RR: There have been lots of influences including Ron Sexsmith and Damon Albarn his music is immense across genres and has stood the test of time and of course Tom Baxter. I used to listen and watch Tom and always thought I would love to be asked to support him and it has happened.
BD: If you were putting together the perfect band with members from across the years (dead or alive) who would you have playing?
RR: It would be a trio of vocalists myself, Damon Albarn and Freddie Mercury – what a front man to have.

BD: Describe what an audience should expect from your singer/songwriter approach to music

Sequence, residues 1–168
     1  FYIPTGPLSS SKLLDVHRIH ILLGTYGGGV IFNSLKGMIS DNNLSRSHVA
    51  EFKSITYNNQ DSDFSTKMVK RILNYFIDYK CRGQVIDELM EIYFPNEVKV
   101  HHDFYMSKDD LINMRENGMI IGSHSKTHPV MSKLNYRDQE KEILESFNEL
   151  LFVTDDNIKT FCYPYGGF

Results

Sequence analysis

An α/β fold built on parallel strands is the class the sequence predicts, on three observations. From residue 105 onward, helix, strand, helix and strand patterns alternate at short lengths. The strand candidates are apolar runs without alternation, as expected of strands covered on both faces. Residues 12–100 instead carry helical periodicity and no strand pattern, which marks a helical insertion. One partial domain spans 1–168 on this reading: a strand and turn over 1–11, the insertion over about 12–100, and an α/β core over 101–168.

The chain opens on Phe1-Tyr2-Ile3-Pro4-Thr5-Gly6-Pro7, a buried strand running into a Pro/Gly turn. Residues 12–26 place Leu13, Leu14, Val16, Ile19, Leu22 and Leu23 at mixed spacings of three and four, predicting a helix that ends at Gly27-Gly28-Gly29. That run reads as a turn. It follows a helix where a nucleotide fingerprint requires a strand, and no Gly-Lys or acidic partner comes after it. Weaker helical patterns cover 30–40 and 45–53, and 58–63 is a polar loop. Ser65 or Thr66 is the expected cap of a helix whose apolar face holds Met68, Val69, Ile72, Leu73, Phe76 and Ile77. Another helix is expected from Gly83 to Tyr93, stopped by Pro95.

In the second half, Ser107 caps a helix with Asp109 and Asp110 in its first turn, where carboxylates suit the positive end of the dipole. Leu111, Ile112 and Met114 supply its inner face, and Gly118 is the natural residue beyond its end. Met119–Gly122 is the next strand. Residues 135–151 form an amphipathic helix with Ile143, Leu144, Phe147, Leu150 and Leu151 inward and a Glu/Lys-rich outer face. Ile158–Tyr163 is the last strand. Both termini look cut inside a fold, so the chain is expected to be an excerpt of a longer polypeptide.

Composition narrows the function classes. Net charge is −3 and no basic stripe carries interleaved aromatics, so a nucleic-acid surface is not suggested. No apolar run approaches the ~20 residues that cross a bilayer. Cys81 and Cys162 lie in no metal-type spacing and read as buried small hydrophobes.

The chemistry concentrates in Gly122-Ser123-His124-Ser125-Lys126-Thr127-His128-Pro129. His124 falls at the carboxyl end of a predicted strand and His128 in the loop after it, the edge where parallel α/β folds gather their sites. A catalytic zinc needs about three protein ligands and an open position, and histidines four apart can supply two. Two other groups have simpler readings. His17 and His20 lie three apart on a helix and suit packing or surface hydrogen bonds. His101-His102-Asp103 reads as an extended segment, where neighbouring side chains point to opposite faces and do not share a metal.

RR: I am one man and a guitar with strong hooks into the lyrics that tell a tale. Simple guitar, strong words and I will often explain the song and background before singing to help connect with the audience.

Read what Bluesdoodles said about the excellent EP Half Way Up HERE and we are looking forward to the album out in 2016.

Sneak preview then catch him live before Rob Riching sis off to Australia

Tour Dates
13th – St. Mary in the Castle, Hastings (Fishermans Friends support)
19th – Phoenix, Exeter (Tom Baxter support)
20th – Railway (Attic), Winchester (Tom Baxter support)
21st – Convent Club, Stroud (Tom Baxter support)